Elizabeth Englander’s suite of crucifixions prefigure a resurrection of revisionary divine bodies. Metal skeletal forms poke beneath garment-pinned swimsuit materials in standard loud neons, stripes, and polka dot patterns. In a double bind of suffering and pleasure, the reimagined icons speak to a schism between body and soul. The tool of crucifixion, or cross, signifies the split where a material body with earthly (horizontal) needs intersects a vertically inclined transcendent soul. In Englander’s revitalized archetypes, the incarnate ‘God, our Father’ is atomically reimagined to encompass the complexities of bodies, gender, love, and the human condition.
– Marie Heilich
Elizabeth Englander (b. 1988, Boston, Massachusetts; lives and works in New York) received her MFA from Hunter College, NY in 2019. Recent solo exhibitions include HEADMASTER, Smart Objects, Los Angeles, CA; Toteboat, From the Desk of Lucy Bull, Los Angeles, CA; Headless, Entrance Projects, New York and Pieces of Jennifer Melfi, M.D. at Kimberly Klark, Queens, NY. Recent group exhibitions include Deathbound and Sexed, Theta, New York, NY; Bone Meal, Motel, Brooklyn, NY; An eye that tried so hard to see one particular thing that it forgot everything else, Safe Gallery, Brooklyn, NY and Fool’s Prophecy, Muzeum Ikon, Warsaw, Poland.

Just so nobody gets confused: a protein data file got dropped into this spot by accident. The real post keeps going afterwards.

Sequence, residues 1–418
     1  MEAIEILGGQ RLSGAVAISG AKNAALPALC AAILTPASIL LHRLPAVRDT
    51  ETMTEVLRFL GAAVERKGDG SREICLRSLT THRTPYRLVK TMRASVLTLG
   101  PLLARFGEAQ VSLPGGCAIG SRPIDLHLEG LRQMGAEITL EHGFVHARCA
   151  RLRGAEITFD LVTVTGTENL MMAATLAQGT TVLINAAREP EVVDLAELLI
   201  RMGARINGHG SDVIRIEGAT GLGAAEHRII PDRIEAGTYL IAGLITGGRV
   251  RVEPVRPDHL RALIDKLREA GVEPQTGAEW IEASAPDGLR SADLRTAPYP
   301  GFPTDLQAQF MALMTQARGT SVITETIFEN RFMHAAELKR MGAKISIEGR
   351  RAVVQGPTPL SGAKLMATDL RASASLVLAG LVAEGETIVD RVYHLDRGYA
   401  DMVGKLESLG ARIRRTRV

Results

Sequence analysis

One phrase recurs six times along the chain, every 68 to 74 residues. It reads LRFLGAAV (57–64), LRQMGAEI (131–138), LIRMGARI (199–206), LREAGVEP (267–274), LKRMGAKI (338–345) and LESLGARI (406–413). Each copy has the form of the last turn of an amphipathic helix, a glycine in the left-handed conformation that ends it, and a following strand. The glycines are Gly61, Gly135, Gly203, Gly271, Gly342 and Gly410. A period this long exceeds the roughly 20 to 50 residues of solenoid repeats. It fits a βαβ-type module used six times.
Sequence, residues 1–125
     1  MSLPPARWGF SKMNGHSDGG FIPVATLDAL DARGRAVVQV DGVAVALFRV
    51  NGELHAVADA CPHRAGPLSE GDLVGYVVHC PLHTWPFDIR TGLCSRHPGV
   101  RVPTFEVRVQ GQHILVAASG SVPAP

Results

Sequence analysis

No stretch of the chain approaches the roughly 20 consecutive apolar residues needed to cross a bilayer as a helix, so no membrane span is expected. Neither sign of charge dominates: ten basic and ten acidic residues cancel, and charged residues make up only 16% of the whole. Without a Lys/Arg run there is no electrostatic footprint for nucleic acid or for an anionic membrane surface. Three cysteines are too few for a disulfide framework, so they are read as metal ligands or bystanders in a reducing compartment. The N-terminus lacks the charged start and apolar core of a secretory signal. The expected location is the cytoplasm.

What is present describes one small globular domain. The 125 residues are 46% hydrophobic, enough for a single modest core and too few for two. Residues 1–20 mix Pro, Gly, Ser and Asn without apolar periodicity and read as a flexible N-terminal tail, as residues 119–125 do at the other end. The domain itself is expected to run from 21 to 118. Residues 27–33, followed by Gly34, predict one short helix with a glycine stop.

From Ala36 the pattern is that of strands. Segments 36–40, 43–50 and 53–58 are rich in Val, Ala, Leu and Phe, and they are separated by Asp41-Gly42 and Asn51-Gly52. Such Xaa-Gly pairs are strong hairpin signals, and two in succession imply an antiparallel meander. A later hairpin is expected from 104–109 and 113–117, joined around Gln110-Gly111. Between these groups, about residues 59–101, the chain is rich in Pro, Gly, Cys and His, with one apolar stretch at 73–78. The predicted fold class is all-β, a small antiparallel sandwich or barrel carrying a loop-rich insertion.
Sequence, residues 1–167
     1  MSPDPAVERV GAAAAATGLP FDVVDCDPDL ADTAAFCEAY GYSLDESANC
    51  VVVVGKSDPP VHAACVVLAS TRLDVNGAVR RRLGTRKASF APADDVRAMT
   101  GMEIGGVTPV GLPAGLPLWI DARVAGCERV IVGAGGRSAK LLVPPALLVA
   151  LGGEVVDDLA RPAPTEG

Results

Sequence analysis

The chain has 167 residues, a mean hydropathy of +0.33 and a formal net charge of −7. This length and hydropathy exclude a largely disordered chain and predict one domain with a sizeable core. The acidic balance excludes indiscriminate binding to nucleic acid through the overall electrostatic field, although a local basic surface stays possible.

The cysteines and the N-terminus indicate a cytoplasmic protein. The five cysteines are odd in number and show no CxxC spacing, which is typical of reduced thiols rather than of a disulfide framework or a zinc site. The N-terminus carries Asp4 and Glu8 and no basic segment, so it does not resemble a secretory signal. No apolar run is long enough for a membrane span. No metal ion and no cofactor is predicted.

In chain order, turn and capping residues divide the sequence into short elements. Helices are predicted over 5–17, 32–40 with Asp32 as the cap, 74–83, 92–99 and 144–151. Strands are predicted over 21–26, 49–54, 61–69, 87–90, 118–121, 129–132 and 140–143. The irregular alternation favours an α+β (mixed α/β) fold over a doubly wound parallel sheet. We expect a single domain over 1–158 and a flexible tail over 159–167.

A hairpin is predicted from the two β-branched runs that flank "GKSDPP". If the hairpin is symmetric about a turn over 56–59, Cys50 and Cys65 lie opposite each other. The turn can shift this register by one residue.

Lauren Quin (b. 1992, Los Angeles; lives and works in Los Angeles) gained her BFA from the School of the Art Institute of Chicago in 2015, attended Skowhegan School of Painting and Sculpture, and received her MFA from Yale School of Art in 2019. Solo exhibitions: Friends Indeed, San Francisco; Real Pain Fine Arts, Los Angeles; From the Desk of Lucy Bull, Los Angeles.
Bri Williams is an artist who works primarily in sculpture. Solo exhibitions include Queer Thoughts, NY (2020) and Interface, Oakland, CA (2018). Williams’ work has been presented in group exhibitions at Kunstraum Niederoesterreich, Vienna, Austria (2021); Thierry Goldberg, New York, NY (2021); Chart Gallery, New York, NY (2021); Ochi Projects, Los Angeles, CA (2020); Karma International, Los Angeles, CA (2018/2019); and Queer Thoughts, New York, NY (2018).